At the Western Reserve Historical Society, there are exhibits and programs offering a variety of experiences for diverse learning. Photograph courtesy of WRHS

Students at the Maltz Museum explore the Temple-Tifereth Israel Gallery. Photograph courtesy of the Maltz Museum of Jewish Heritage

Most Clevelanders couldn’t imagine the region without some of the area’s most beloved and impactful institutions. The Greater Cleveland Aquarium, the Western Reserve Historical Society, The Maltz Museum of Jewish Heritage and the Great Lakes Science Center are surely on that list, among many others. Here, the CEOs/GMs of each of these places shares their insights about the regional impact of the organizations they lead, and the future they envision.
On one hand, the impact of these institutions is a numbers game. For starters, Kirsten M. Ellenbogen, PhD, president & CEO of theGreat Lakes Science Center (GLSC), says her organization employs more than 100 people, and attracts more than 300,000 annual visitors.
Last year, the Maltz Museum of Jewish Heritage welcomed 25,000 visitors. Approximately 14,000 of those were students and educators. Five thousand were children and young families, and approximately 35

Visitors to the Great Lakes Science Center enjoy the Lego Build It exhibit. Photograph by Ken Blaze

percent of the museum’s visitors were from outside the Greater Cleveland area.
The Aquarium opened its doors in 2012 and immediately impacted downtown Cleveland and the Flats West Bank, where the Aquarium is located. Stephanie White, general manager says, “An estimated 1.1 million visitors visit Nautica Waterfront District annually for a special event, a dining cruise, a concert, a comedy show, to access the Cuyahoga River and to visit Greater Cleveland Aquarium. In early 2022, we welcomed our two-millionth guest, and we would have reached the two-million mark way earlier without the challenges of COVID. Nearly half a million additional guests have come through our doors since then and we have seen people from many different countries and all 50 states.”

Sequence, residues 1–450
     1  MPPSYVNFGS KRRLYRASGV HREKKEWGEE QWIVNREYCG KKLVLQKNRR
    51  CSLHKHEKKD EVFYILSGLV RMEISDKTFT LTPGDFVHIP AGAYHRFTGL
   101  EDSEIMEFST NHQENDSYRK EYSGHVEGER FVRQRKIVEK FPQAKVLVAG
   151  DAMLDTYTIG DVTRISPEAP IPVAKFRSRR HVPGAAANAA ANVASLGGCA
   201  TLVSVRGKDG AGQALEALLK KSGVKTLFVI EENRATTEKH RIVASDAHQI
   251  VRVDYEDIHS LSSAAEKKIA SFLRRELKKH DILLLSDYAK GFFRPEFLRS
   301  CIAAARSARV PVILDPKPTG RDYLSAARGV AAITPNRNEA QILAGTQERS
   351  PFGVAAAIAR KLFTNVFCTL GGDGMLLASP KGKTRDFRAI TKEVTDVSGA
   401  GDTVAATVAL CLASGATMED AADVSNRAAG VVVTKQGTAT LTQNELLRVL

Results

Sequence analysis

Kelly Falcone-Hall, president and CEO of the Western Reserve Historical Society says that pre-pandemic, WRHS engaged with nearly 100,000 visitors annually. She adds, “We continue working to return to those attendance numbers with increases year-over-year since 2020.”
Beyond the impressive numbers, there is a much bigger story of how each of these institutions is woven into the fabric of NEO. For instance, the very broad and diverse WRHS has two primary sites for visitation: Hale Farm & Village in Bath, and the Cleveland History Center (CHC) in University Circle.  Kelly explains, “The CHC admission includes access to the Crawford Auto-Aviation Museum, Euclid Beach Park Grand Carousel, two historic mansions, and permanent exhibits Cleveland Starts Here, Carl & Louis Stokes Making History; and Women and Politics – Empowered to Vote, Empowered to Lead. These and rotating temporary exhibits offer a variety of experiences for diverse learning styles, varied interests and audiences of all ages. It is the diversity of experience rooted in Northeast Ohio history that help guests make a personal connection and that is the overall response from our guests.  Many say ‘I had no idea there is so much to see and do.’”
Besides impacting local residents as an employer, Kelly points out that the Historical Society works with “vendors and contractors for capital improvements as well as exhibition fabrication and installation.” She adds, “We also instill pride of place for residents of all ages and tourists alike. We answer the question ‘Why Cleveland?’ which can help recruit, attract and retain top talent interested in living, working and playing in the region.”